Entropic Irrigation System III was developed to support and manage the melting ice frozen in the form of five monuments including the Taj Mahal, the Colosseum, a Mayan Temple, the Parthenon, and a Pyramid. As these ice monuments melt, the water drains through plastic tubing to water the fern growing beneath. Each monument displayed has three material versions; version one - frozen water, version 2 - sand mixed with water, version 3 - concrete (a combination of cement, sand and water). Each material is allowed to deteriorate undisturbed throughout the exhibition.

Counterweight

Counterweight, invites viewers to consider what is permanent. What are the artifacts we will leave behind? What happens to the lightweight, inconsequential objects we call disposable but are in fact as enduring as the things we intend to last? It is difficult to grasp the permanent nature of the temporary objects of convenience, many of which sustain our existence, but cost so little to produce that they are often given away. Once disposed of, these objects cease to exist in our minds, but they continue to exist somewhere else, somewhere out of sight. How do we reconcile their transience in our lives with their longevity in the world? This work seeks to understand these objects by transforming them, by seeing them in new terms -- perhaps in the way the rest of the natural world sees them, rather than how we do.

  • Counterweight

    This exhibition,Counterweight, invites viewers to consider what is permanent. What are the artifacts we will leave behind? What happens to the lightweight, inconsequential objects we call disposable but are in fact as enduring as the things we intend to last? It is difficult to grasp the permanent nature of the temporary objects of convenience, many of which sustain our existence, but cost so little to produce that they are often given away. Once disposed of, these objects cease to exist in our minds, but they continue to exist somewhere else, somewhere out of sight.
  • Concrete Necropolis

    Concrete, MDF, reclaimed lumber, dimensions variable, 2019
  • Fossil Futures: 3.12.18. 005; Pendant, fish

    Concrete,MDF, Acrylic, LEDs, dimensions variable, 2019
  • Counterweight exhibition

    cyanotypes
    Disposable plastic containers documented as photogram cyanotypes.

Solar Power/ Solar System

Produced as a collaborative installation/system with Andy Holtin, Solar Power/Solar System is a project designed to explore our view of the natural world from within our built and technology-mediated environment. Far from being a simplistic 

or exclusively critical view of this relationship, this project seeks to bring a piece of the 

natural world back into our experience through some of the same tools and technology 

that contribute to our distance from it. 

The sunlight collected by the solar panels during the day is recycled to power the LEDs which illuminate the orbs and cast light strongly onto the back of the PVC panel, which has been drilled with a pattern of small holes to replicate the actual night sky of April 14, 2018, at 9:00pm, as would be seen from Baltimore, Maryland. Each hole or star is also fitted with a small segment of fiber optic cable to transmit the light from the back to the front of the panel more completely and increase visibility and luminosity of the star field. In a city of lights and power, the Solar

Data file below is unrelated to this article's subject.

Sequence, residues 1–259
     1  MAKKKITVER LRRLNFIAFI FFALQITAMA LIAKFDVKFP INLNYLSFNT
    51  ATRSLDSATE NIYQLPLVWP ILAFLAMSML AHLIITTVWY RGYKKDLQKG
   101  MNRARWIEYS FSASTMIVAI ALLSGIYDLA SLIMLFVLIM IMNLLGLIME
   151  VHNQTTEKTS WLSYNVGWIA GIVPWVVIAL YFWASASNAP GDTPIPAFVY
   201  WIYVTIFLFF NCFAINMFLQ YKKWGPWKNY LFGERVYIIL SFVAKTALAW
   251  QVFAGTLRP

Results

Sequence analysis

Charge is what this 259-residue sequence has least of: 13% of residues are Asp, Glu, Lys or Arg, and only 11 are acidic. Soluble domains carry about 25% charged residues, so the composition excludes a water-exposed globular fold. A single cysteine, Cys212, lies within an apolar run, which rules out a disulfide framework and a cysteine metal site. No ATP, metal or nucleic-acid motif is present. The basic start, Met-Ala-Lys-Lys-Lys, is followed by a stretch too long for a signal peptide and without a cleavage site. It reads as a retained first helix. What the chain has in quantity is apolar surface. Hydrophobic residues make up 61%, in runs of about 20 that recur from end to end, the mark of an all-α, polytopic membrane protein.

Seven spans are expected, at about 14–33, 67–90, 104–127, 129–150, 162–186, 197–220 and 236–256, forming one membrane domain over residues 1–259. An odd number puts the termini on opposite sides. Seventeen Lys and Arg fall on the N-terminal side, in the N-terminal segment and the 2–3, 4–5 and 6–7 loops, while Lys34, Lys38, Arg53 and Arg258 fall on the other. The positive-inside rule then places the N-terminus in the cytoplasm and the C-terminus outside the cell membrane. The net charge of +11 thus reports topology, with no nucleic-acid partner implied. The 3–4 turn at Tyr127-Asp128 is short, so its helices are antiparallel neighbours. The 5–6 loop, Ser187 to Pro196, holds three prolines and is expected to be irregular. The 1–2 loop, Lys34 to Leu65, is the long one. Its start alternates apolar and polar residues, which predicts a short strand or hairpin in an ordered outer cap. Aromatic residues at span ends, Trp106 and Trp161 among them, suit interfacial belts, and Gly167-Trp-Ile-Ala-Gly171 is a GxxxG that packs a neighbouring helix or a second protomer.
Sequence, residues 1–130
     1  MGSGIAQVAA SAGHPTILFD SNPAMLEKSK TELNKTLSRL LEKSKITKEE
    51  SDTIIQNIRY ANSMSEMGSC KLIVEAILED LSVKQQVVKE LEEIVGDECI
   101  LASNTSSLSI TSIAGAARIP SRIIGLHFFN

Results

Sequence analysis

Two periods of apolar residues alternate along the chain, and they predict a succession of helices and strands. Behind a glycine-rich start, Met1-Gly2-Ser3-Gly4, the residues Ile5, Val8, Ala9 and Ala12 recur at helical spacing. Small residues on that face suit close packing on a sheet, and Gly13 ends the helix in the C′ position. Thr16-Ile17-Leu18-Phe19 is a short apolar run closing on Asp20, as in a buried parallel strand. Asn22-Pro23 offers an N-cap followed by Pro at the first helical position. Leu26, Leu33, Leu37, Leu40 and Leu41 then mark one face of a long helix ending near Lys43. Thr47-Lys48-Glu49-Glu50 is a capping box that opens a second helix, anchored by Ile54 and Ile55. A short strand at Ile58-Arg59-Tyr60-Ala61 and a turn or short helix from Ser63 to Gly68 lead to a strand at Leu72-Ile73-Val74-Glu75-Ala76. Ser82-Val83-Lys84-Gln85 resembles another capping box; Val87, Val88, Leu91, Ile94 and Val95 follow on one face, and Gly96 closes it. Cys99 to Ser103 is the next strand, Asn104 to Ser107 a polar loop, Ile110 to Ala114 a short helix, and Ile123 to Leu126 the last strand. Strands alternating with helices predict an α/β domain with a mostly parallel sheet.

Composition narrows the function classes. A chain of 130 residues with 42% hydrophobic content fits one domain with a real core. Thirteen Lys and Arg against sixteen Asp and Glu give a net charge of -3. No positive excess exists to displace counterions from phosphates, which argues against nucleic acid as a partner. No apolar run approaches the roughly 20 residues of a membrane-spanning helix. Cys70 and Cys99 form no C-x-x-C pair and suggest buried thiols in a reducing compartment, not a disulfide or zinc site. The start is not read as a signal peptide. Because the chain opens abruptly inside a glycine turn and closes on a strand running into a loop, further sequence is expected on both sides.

Power/Solar System imports the lost and subtle light of the stars, while, as a light emitting 

installation in a festival of light installations, it also contributes to that loss. 

Viewers are invited to stand, sit, or lay in the astroturf and gaze at the actual stars that would be visible if they were not hidden by our own network of lights that make city navigation possible. 

  • Solar Power / Solar System

    Produced as a collaborative installation with Andy Holtin, Solar Power/Solar System is a project designed to explore our view of the natural world from within our built and technology-mediated environment. Far from being a simplistic or exclusively critical view of this relationship, this project seeks to bring a piece of the natural world back into our experience through some of the same tools and technology that contribute to our distance from it.
  • Solar Power / Solar System video documentation

    Produced as a collaborative installation with Andy Holtin, Solar Power/Solar System is a project designed to explore our view of the natural world from within our built and technology-mediated environment. Far from being a simplistic or exclusively critical view of this relationship, this project seeks to bring a piece of the natural world back into our experience through some of the same tools and technology that contribute to our distance from it.

Cast Offs

These small objects were produced as a rumination on the lives of materials, prompted by the artists' attempt to understand and reconcile the disparate frames of time in which objects and our experiences with them exist. The convenience-driven plastics that pass through our lives – though some facilitate levels of technology, sanitation, and hygiene that radically improve our lives – might be touched only once, but may persist in the world for hundreds of years. Similarly, the use of concrete, which enables the sheer scale of our civilizations through its strength and malleability, is slowly shrinking the coastlines of the continents on which we build. Both materials exist in unparalleled possibility and longevity, though our perceptions of them differ wildly. This work seeks to understand these objects and materials by transforming them, by seeing them in new terms—perhaps in the way the rest of the natural world sees them, rather than how we do.

Connect with Samantha

Samantha's Curated Collection

This artist has not yet created a curated collection.